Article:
Jonathan Pershing, who will become the top U.S. diplomat on climate issues next month, has spent the last three years at the Department of Energy working to make the U.S. commitment in Paris easier to achieve. Since stepping down in 2013 as deputy to outgoing U.S. Special Envoy for Climate Change Todd Stern, Pershing has been responsible for helping DOE align its advanced energy research and policy with the Obama administration’s climate priorities. That’s meant supporting everything from U.S. EPA’s Clean Power Plan to the U.S. position at last year’s landmark climate summit in the French capital.
Speaker Paul Ryan (R-Wis.) signaled yesterday that the fiscal 2017 spending bills won’t come to the floor until the House sorts out its intraparty squabbling over the budget resolution. While the House Appropriations Committee is set to launch its first markup of the year tomorrow, with the military construction and Veterans Affairs appropriations bill in subcommittee, Ryan said the bills won’t proceed to the floor until the budget is resolved.
With the price of solar power down significantly in recent years, how widespread is the use of solar in low-income communities and households? During today’s OnPoint, Stanley Greschner, vice president of government relations and market development at GRID Alternatives, discusses his organization’s new policy guide that seeks to open solar power and solar job access to low-income households throughout the United States.
An estimated three out of four jobs globally are dependent on water, meaning that shortages and lack of access are likely to limit economic growth in the coming decades, the United Nations said on Tuesday. About 1.5 billion people – half the world’s workers – are employed in industries heavily dependent on water, most of them in farming, fisheries and forestry, the U.N. World Water Development Report 2016 said.
Donald Trump is loaded. He has 673 delegates, billions of dollars and a gun permit. But he doesn’t seem to have a coherent policy on energy and climate. Trump to this point has offered campaign pitches rather than policy positions on issues related to greenhouse gases, fossil fuel development and renewable electricity. It appears that the Republican front-runner hasn’t hired a top energy adviser, according to multiple GOP analysts who work on the issue.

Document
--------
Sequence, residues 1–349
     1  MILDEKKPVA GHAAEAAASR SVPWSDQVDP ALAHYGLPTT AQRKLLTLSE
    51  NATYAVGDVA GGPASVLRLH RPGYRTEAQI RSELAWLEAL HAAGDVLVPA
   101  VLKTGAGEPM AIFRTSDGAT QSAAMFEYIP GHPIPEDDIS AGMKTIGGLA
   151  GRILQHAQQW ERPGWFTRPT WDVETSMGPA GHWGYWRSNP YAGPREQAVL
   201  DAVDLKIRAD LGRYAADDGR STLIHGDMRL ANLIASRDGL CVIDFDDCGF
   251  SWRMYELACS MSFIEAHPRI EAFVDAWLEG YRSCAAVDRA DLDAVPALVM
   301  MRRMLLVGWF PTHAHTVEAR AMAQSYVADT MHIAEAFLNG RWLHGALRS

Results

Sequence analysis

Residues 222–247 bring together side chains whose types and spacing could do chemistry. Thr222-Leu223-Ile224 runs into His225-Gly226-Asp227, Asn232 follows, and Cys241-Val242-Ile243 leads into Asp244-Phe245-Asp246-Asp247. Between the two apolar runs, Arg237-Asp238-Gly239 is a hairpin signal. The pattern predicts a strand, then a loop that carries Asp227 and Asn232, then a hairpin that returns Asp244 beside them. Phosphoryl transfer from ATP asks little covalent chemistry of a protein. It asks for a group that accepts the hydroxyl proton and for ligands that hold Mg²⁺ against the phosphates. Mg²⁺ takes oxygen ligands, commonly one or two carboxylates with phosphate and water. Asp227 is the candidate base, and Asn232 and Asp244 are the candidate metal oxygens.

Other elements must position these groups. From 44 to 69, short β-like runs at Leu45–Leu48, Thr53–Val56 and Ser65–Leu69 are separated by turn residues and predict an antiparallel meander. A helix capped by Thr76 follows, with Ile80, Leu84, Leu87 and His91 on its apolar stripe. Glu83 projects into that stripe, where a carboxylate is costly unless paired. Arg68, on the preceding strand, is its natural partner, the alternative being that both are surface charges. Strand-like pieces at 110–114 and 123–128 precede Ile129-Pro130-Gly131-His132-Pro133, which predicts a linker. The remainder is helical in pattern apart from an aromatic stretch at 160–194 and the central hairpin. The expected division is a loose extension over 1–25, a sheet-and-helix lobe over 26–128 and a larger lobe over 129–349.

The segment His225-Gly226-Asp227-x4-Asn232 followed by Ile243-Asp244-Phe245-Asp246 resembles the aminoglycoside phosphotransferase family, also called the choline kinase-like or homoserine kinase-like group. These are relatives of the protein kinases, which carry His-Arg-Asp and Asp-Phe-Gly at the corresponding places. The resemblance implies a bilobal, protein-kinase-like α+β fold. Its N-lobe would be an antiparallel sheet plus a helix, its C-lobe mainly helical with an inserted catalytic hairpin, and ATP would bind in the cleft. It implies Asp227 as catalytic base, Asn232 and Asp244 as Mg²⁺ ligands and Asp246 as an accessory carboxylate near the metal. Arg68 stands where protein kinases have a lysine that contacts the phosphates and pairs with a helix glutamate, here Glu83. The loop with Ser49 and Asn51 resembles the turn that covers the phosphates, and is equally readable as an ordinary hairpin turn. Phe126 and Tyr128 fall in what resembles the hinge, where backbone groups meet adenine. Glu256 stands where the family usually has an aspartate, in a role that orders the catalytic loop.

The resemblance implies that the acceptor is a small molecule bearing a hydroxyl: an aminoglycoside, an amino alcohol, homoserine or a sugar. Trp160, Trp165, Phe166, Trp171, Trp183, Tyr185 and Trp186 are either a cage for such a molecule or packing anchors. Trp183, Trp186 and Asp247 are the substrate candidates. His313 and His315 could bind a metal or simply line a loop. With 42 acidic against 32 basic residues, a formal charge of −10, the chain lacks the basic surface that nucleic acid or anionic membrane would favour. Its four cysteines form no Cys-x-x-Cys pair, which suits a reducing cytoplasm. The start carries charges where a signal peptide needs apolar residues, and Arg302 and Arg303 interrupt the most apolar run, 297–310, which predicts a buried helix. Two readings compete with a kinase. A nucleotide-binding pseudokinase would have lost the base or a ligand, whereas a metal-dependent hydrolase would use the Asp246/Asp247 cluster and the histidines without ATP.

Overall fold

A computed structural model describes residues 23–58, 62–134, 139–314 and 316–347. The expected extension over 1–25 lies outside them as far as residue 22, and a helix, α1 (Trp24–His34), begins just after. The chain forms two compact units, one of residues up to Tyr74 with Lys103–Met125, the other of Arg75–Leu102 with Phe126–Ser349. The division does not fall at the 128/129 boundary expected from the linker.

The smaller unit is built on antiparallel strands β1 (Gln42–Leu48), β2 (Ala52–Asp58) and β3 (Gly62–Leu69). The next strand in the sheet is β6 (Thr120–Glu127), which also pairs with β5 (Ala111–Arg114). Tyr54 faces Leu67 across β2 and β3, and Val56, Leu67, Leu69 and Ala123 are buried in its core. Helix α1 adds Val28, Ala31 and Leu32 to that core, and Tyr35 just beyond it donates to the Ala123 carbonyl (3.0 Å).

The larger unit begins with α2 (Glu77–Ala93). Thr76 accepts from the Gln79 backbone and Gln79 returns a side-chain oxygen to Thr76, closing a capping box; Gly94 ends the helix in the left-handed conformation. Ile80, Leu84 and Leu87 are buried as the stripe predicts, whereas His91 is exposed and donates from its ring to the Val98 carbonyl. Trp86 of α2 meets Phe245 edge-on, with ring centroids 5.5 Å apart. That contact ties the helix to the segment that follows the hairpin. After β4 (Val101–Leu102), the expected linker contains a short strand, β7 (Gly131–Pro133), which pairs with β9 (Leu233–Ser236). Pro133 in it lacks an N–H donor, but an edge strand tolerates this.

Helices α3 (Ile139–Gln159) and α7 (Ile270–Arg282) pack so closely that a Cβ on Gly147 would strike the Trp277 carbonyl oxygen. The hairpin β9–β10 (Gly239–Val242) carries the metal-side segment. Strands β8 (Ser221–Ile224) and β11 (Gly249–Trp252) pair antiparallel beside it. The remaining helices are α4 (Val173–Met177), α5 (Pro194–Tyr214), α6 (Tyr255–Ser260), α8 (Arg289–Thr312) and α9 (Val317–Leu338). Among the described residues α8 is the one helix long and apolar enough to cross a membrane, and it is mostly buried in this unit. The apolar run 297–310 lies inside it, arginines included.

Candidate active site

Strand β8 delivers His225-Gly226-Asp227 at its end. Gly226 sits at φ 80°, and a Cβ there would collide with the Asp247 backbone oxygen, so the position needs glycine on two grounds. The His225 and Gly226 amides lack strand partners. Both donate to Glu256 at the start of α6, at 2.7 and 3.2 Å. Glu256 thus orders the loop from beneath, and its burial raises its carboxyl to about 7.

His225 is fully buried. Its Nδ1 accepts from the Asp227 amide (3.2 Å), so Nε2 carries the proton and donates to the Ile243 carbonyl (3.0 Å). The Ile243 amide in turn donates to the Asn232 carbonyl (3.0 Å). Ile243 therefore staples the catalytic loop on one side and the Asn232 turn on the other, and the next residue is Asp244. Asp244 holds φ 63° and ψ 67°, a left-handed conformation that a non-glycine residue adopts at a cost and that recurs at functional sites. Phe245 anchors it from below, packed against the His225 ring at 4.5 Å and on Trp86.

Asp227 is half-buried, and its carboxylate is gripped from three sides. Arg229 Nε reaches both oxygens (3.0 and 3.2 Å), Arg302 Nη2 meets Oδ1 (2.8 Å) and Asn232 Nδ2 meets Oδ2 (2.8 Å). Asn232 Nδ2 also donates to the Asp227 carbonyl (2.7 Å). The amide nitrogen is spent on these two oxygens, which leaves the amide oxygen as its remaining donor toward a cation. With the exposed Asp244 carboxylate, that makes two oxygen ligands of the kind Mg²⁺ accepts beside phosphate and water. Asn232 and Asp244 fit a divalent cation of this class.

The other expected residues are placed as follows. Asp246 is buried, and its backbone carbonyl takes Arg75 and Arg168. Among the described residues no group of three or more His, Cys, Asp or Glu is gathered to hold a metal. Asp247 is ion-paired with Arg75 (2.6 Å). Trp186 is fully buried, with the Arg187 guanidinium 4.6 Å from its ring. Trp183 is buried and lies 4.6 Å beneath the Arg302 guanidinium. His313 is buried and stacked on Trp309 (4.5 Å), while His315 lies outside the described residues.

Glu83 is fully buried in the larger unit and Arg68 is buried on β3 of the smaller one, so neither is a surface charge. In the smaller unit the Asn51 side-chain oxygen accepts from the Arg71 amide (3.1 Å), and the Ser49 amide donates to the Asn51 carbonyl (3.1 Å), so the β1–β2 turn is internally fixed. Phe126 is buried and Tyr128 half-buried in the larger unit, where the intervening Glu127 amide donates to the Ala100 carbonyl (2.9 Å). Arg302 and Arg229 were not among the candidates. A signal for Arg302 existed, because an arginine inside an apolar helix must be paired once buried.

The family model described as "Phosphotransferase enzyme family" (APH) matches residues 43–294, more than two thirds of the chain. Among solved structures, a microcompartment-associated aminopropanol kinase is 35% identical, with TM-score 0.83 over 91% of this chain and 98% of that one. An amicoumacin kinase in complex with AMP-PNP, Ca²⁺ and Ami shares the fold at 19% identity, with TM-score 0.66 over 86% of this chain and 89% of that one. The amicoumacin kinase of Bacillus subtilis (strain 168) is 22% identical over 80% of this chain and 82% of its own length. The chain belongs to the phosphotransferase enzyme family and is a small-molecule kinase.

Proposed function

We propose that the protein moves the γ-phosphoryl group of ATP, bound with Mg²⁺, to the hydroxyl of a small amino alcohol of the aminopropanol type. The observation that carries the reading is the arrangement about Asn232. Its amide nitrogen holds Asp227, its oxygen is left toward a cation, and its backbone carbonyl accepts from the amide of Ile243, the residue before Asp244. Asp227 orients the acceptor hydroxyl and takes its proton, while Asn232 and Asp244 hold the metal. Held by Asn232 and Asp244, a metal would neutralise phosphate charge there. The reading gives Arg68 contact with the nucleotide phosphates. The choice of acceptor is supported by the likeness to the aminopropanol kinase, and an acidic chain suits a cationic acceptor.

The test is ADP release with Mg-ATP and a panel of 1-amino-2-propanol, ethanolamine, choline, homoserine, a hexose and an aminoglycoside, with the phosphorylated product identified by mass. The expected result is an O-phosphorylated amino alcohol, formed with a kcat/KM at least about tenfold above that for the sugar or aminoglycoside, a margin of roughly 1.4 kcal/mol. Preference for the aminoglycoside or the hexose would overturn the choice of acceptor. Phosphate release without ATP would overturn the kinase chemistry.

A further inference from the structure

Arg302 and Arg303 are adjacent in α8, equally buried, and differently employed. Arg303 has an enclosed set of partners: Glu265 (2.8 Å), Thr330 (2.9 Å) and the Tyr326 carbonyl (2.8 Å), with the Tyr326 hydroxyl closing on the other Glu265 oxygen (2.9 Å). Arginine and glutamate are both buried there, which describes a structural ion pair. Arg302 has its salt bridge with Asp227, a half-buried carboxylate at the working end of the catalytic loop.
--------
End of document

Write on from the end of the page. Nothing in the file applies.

The Senate’s top Republican yesterday told governors to continue their “wait-and-see” stance regarding compliance with the Obama administration’s carbon rule for power plants. Senate Majority Leader Mitch McConnell (R-Ky.) has long urged states to take such an approach, otherwise referred to as “just say no,” and not submit implementation plans for the program. He argued in a letter to governors last year that U.S. EPA’s Clean Power Plan would not hold up in court
California is one step closer to getting its first offshore wind farm. The Interior Department announced yesterday that it has completed an “initial review” of a request from Trident Winds LLC to put 100 floating turbines more than 30 miles off the coast near the middle of the state. It found that the company was legally, technically and financially qualified to hold an offshore wind energy lease in federal waters, according to a press release.
The U.S. Bureau of Ocean Energy Management is evaluating a proposal for the first offshore wind project in California. The agency said Trident Winds LLC is qualified to develop its proposed 800-megawatt wind farm, and will now determine if other companies are interested in the lease area, according to a statement Monday. If so, BOEM will initiate a competitive bidding process for the site about 33 nautical miles northwest of Morro Bay. If not, it will move forward with a noncompetitive leasing process.
Moniz has repeatedly noted that business leaders and outside groups have called for at least a doubling in clean R&D funding over current levels. For example, the Bipartisan Policy Center released a white paper last week noting that R&D spending directed toward DOE has fallen from about 18 percent in 1979 to 6-9 percent of total federal R&D funding now.
A trio of New York University law experts argue in a forthcoming law paper that U.S. EPA has several legal precedents for the Clean Power Plan. Those precedents include programs under Section 111 of the Clean Air Act — under which EPA issued the carbon program for power plants — and other provisions in the law, according to the paper. The law professors say they plan to soon file an amicus brief that makes the same point in the ongoing litigation over the Clean Power Plan in the U.S. Court of Appeals for the District of Columbia.